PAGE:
Ashley He / Cornell Sun Photographer

Lime bikes may soon be joined by their electric counterparts.

January 31, 2020

Following Previous Veto, Gov. Cuomo’s Budget Now Includes Legalization of E-Scooters and E-Bikes

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Lime bikes have been whizzing around Ithaca’s streets since 2018, a bright green contrast to the white that blankets the area. Now, legislative efforts at the state level might bolster the pilot program with the addition of electric bikes and scooters.

Around the nation, the rapid proliferation of e-bikes and e-scooters has been met with controversy, with proponents emphasizing their affordability and sustainability and critics raising concerns about the associated injuries and hazardous conditions. E-bikes and e-scooters are augmented with battery powered motors that ease the difficulties of riding up hills or inclement weather.

Gov. Andrew M. Cuomo (D-N.Y.) included legislation in his FY 2021 Executive Budget earlier this January that would allow localities to adopt these innovative transportation methods — provided that basic safety regulations were met.

This update leaves Lime’s future in Ithaca open.

According to the Ithaca Voice, a previously tabled resolution could return to the Ithaca Common Council’s agenda as early as April’s meeting. This resolution could approve the introduction of e-scooters and e-bikes in addition to the lime bike program already in Ithaca.

After the green bicycles were first introduced in Ithaca in March 2018, the University critiqued the potential for even the non-electric bikes to become hazardous in an April 2019 press release. Members of the Cornell community cited fears about losing parking space, a common occurrence where bikes litter cities that have approved them. A proposal to introduce Lime’s e-scooter was met with concern from the Common Council, and the resolution was tabled in June 2019.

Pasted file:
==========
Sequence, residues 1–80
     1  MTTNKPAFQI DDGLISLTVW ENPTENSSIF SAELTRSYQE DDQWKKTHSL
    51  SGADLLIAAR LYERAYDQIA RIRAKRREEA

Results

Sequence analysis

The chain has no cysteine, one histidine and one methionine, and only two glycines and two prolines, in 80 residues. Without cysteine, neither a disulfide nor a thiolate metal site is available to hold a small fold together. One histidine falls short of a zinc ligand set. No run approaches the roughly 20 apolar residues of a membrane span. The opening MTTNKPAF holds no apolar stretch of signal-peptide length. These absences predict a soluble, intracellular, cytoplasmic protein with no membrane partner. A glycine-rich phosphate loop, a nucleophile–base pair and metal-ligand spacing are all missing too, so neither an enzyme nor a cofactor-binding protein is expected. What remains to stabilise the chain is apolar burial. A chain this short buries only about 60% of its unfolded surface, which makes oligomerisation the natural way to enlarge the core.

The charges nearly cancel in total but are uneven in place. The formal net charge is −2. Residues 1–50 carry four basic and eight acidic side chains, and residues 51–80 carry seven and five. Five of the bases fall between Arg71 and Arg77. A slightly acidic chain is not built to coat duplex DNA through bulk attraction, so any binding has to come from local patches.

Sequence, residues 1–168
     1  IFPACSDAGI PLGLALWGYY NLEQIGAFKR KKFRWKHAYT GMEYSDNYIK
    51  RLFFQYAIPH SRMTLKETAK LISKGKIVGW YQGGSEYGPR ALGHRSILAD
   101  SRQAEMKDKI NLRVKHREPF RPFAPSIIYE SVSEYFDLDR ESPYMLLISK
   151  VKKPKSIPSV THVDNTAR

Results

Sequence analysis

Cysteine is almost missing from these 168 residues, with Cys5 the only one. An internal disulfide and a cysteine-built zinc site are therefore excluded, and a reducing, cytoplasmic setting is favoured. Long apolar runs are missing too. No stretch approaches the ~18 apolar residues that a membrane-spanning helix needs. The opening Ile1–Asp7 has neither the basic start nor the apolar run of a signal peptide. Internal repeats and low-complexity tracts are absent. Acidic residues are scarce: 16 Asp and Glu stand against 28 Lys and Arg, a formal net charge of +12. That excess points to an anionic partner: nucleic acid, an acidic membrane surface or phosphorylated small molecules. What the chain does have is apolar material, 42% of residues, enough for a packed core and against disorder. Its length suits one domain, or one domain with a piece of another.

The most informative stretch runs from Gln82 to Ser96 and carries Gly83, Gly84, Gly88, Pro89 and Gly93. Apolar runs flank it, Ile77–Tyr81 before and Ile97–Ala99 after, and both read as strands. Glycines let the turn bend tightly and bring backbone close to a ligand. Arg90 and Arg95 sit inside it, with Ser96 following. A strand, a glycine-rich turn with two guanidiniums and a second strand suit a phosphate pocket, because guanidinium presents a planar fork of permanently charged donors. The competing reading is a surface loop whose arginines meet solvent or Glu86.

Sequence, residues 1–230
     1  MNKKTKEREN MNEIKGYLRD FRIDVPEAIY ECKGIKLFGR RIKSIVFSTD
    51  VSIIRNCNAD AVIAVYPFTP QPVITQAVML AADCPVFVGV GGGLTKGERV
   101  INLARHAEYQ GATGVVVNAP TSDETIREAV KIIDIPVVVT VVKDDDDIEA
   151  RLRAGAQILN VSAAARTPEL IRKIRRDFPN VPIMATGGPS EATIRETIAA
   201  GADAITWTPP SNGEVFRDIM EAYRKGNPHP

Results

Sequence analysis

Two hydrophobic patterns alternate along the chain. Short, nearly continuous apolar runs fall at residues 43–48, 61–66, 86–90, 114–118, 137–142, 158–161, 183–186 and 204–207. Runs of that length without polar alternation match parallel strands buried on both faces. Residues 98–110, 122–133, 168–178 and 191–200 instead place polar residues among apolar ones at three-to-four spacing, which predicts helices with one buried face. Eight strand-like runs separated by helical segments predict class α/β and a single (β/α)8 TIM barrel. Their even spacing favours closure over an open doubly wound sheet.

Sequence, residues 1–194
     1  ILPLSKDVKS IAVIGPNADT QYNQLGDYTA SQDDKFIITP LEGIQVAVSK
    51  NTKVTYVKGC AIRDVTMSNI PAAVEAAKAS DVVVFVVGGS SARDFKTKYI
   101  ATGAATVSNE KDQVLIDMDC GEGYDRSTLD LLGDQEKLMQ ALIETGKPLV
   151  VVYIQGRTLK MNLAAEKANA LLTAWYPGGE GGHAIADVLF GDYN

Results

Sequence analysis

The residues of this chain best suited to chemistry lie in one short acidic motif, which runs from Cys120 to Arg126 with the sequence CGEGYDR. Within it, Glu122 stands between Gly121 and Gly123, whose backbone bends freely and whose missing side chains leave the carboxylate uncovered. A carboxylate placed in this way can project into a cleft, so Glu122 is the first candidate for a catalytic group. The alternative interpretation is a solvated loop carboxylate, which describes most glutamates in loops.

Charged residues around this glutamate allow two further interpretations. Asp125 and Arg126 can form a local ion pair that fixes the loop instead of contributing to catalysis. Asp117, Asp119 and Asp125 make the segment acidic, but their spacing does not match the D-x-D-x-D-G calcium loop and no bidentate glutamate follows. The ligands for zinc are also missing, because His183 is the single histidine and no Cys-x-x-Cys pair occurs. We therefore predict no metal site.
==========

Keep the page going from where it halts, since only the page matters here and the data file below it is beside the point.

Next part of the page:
Mayor Svante Myrick ’09, though, has been a vocal supporter of e-bikes and e-scooters, sending a letter to Cuomo and state legislature leadership in June 2019, urging them to legalize the sustainable transportation.

“I see a future where on any city block, you see some people walking, some people biking, some people using lime scooters, some people using Uber and some people using TCAT,” Myrick previously stated. “Part of my shtick has always been helping people get around more quickly, efficiently and more environmentally friendly.”

The Mayor’s Office, Common Council, Bike Walk Tompkins and the Operations Manager for Lime in Ithaca did not respond to The Sun’s request for comment at the time of publication.